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Getting Your Closely Held Business Ready for Sale

26 April 2023

You’ve spent your life becoming the high-achieving entrepreneur you are today – congratulations on your success! Most people don’t ever even start a business, let alone run a successful one for decades as you have.

But now, you’re ready for new challenges. Perhaps you’re looking forward to retirement, spending more time with family and friends, taking time to smell the roses, traveling. Or maybe even starting another business. Or any combination of these and all the other options available to you due to your success in life.

Let’s say you are an entrepreneur with no partners, and your children have their own lives; they’re established in other fields than yours, and you’ve been thinking about selling your business to provide you with the freedom to soar into new skies.

Generally speaking, it’s best to start getting your business ready for sale before you are ready to sell. Maybe as much as two or three years in advance – though best of all is to start planning your exit when you open your business. However, there’s no time like the present, and there are a few general guidelines we will outline below.

Selling a closely held business is a multi-phase process, which can take years to pull off successfully. Phase I is getting your business ready for sale – and getting yourself ready to sell the business. Often, closely held business owners find it difficult to let go. That’s an emotional reaction, perfectly human and completely understandable, when you find yourself on the brink of relinquishing control of this, your “baby.” But, just as one day you must let your children live their own lives, sometimes you must relinquish “baby” to move on with your next stage of life.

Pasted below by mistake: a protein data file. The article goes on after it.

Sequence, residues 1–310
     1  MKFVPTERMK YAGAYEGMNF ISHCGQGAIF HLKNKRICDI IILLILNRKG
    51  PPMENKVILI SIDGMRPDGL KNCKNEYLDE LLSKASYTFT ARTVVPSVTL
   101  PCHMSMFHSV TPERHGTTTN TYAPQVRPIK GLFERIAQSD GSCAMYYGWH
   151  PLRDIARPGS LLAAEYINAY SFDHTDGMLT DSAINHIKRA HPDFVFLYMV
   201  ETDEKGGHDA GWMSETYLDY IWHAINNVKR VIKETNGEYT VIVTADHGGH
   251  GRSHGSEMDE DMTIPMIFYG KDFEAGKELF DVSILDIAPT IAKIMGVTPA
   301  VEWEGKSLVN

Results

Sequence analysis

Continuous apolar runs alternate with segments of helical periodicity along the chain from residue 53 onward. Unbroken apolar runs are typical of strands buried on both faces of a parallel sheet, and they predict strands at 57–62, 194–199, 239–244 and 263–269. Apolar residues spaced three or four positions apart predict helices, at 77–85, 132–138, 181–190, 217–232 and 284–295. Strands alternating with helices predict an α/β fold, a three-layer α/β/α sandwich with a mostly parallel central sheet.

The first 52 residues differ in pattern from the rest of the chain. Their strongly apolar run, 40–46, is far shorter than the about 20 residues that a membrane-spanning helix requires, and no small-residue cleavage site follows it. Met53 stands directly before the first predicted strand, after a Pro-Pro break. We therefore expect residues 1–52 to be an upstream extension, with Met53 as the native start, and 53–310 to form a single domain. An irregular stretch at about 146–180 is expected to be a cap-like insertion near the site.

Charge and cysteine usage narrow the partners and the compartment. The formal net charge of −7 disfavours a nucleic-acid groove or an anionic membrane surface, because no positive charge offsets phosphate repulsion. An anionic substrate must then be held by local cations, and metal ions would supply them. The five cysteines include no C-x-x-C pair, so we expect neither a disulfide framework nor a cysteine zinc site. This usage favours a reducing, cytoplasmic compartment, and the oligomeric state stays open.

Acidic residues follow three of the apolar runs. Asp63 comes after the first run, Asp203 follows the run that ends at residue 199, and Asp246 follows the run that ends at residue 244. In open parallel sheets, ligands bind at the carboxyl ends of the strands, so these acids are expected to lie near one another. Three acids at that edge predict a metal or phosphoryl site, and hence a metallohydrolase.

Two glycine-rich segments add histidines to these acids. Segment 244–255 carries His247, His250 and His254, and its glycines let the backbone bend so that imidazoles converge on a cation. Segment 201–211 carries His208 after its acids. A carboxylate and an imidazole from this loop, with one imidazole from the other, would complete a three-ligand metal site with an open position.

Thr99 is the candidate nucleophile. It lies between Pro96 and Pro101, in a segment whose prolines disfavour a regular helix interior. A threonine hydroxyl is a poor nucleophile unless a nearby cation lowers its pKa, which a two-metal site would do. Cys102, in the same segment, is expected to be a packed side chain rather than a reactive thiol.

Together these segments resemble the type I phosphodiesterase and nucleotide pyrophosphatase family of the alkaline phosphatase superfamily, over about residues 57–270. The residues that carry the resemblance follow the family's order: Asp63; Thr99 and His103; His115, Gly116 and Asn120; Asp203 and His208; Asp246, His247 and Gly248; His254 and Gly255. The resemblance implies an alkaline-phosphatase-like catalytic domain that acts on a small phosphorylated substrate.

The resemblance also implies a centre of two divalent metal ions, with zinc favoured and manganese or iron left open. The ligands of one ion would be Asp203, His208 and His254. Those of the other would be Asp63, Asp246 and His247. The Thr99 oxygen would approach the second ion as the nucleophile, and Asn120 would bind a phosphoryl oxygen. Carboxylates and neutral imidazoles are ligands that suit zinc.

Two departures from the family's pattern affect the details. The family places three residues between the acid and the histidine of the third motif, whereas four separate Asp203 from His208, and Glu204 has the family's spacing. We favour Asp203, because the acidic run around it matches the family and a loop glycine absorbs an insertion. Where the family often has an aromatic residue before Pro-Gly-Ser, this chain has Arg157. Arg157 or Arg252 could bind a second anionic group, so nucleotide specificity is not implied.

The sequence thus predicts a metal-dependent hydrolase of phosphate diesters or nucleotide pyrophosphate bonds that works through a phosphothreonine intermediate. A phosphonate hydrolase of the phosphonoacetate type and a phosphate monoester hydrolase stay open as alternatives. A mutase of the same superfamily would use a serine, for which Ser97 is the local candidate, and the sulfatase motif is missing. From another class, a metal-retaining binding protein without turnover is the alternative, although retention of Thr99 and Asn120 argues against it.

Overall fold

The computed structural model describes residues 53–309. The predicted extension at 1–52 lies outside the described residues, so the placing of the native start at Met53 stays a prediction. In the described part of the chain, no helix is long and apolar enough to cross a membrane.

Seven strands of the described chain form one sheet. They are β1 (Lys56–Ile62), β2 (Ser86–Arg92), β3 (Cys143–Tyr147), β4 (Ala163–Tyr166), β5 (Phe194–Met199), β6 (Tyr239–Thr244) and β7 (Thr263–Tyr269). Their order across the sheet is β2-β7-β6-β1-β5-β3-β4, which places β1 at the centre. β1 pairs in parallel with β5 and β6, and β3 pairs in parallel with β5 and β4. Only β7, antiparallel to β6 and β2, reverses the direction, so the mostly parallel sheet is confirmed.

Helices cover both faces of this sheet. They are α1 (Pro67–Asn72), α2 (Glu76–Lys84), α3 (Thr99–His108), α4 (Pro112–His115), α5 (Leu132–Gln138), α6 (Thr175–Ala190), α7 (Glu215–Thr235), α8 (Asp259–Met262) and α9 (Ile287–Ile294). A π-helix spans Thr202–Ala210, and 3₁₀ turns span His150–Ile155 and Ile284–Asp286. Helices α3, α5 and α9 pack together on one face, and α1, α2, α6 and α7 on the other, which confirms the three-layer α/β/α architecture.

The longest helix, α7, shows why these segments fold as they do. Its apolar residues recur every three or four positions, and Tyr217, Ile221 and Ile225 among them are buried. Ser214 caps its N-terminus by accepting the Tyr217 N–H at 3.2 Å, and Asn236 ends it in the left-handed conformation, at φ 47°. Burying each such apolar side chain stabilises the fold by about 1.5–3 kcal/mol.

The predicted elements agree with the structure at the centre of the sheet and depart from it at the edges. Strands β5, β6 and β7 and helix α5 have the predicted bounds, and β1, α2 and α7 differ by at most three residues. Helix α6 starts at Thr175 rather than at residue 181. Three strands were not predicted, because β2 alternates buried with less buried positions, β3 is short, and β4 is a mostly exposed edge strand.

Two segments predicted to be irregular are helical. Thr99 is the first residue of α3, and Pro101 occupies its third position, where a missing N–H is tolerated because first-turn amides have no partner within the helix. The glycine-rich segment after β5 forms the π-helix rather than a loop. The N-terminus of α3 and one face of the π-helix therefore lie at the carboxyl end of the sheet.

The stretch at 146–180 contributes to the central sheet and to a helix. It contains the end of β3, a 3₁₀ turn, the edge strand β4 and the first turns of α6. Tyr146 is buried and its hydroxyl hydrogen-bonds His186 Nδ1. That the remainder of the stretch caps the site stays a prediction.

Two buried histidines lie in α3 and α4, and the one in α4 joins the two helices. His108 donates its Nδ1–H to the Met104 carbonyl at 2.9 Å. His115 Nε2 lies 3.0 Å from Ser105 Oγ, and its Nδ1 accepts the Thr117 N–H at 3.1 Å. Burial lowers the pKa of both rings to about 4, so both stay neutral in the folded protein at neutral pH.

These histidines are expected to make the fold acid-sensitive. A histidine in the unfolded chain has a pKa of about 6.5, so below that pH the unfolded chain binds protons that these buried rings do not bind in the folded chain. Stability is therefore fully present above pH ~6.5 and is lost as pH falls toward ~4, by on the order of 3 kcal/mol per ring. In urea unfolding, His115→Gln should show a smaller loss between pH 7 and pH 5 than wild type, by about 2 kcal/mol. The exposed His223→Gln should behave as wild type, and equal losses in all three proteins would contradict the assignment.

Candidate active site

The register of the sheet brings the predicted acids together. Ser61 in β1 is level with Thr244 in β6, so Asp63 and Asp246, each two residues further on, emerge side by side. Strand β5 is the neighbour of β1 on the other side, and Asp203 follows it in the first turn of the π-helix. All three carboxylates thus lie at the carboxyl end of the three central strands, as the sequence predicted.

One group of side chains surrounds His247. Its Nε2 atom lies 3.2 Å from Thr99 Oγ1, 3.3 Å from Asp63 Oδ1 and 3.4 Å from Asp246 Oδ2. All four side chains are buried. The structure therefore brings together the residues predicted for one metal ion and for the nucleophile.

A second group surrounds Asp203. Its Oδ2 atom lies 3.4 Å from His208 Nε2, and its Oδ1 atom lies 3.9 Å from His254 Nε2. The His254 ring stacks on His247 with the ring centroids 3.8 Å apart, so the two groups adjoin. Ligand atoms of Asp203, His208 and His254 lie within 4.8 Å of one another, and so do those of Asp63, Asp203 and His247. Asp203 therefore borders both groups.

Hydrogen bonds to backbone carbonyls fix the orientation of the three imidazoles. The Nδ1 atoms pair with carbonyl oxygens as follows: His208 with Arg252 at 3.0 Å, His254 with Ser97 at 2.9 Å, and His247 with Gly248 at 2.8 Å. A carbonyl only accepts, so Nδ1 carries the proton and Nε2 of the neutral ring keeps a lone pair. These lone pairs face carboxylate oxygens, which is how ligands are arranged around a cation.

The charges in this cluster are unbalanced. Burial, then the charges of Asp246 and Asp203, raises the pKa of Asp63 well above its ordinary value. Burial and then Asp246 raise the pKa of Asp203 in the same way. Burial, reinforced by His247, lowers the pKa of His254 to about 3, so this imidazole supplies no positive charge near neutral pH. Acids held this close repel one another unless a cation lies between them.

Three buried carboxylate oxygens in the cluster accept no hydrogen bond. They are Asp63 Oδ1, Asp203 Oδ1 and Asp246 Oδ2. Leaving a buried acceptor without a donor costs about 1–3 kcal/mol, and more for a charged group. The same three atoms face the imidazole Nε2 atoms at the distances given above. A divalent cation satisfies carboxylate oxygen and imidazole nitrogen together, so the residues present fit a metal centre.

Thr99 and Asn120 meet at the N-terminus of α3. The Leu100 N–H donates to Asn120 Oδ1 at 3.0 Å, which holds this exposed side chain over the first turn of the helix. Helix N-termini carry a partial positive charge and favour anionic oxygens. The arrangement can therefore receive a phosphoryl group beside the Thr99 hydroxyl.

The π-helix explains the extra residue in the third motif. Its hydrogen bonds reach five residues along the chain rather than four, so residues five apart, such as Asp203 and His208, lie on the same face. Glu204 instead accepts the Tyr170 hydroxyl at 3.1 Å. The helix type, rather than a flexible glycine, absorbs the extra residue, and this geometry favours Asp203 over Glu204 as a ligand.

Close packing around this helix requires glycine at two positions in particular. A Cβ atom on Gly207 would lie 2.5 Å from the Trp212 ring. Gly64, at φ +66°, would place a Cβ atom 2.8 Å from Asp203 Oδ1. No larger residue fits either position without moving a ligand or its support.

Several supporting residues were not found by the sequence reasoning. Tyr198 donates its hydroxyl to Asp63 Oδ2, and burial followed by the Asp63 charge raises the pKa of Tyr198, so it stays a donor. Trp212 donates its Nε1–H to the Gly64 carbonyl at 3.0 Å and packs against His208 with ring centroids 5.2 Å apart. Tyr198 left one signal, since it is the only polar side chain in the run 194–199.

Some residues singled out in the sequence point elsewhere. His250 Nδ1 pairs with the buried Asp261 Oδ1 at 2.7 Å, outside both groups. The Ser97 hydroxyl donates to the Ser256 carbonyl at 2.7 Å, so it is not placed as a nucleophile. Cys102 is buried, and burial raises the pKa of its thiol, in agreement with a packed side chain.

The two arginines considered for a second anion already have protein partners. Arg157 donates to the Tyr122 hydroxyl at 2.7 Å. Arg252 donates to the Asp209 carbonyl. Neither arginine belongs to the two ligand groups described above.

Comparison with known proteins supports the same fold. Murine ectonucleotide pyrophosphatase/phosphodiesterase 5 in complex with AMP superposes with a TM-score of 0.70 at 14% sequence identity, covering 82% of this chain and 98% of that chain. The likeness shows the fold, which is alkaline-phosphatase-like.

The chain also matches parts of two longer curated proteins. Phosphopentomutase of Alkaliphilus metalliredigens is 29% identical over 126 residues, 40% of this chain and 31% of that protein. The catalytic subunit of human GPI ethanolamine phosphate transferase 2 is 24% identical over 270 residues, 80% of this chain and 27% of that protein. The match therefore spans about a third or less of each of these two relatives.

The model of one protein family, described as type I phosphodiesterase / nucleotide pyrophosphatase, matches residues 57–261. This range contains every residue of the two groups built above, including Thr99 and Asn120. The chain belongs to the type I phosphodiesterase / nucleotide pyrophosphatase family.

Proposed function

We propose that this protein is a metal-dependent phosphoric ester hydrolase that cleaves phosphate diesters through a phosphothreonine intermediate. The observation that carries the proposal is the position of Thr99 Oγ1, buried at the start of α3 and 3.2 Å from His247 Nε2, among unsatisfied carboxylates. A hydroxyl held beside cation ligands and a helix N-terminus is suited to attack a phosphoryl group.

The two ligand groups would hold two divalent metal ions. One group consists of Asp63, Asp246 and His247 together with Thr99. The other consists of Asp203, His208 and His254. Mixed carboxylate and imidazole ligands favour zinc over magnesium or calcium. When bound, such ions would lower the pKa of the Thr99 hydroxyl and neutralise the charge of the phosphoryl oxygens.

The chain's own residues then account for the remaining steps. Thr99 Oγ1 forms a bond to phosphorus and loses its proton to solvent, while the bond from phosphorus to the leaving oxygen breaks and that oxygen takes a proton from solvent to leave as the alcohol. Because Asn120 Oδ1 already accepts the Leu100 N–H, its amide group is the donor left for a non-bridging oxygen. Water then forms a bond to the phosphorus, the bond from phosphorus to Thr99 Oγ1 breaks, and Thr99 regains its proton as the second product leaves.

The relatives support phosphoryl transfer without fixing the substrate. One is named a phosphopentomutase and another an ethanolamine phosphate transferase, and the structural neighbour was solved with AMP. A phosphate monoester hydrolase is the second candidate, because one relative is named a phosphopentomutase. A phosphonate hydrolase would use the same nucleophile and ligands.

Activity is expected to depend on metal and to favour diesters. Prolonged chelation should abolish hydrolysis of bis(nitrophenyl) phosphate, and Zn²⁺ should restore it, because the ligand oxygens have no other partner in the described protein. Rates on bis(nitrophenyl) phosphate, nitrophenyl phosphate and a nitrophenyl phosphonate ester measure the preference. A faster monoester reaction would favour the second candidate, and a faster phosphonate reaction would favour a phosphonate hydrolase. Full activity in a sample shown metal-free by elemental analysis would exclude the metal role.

Your first steps should be to ensure your business runs smoothly – a self-managing concern that can thrive without your day-to-day oversight. Your business will be worth much more to a buyer if it doesn’t need you, personally – in fact, if it’s too dependent upon you for day-to-day management, you may never get an offer. At least, not one you’d even consider accepting.

Make sure you have documentation in place, or have someone (either a trusted team-member or an outside hire) put this in place for you, covering the details of:

  • your current business plans
  • processes and procedures for each segment of your business
  • your sales and marketing strategies and processes
  • your finance strategy
  • your internal controls
  • your organizational hierarchy, with job descriptions and duties for each position, and who does what when, and where

Employees should be cross trained to cover one another’s job functions, because there’s no better way to ensure an emergency occurs than to fail to prepare for it.

Your team should be well-versed in each policy, procedure, process, and duty, as applicable to their functions as team members. This will make your business much more attractive to prospective buyers, as new ownership would be able to hit the ground running.

Speaking of teams, you will want to put one together to advise and support you through the selling process – you will likely need:

  • a CPA/financial advisor, preferably one with experience in selling closely held businesses and the Transaction Advisory process
  • an attorney, preferably already known to you, experienced in selling closely held businesses
  • a trusted banker who understands the ins and outs of your individual business, and
  • an advisor familiar with your industry and whom you trust to market your business, target potential purchasers and be a liaison in getting you toward a purchase agreement. This may be a business broker, potentially – but be aware that brokers’ fees may run as high as 10% of the purchase price, and buyers may be reluctant to accept an increased price to cover these fees.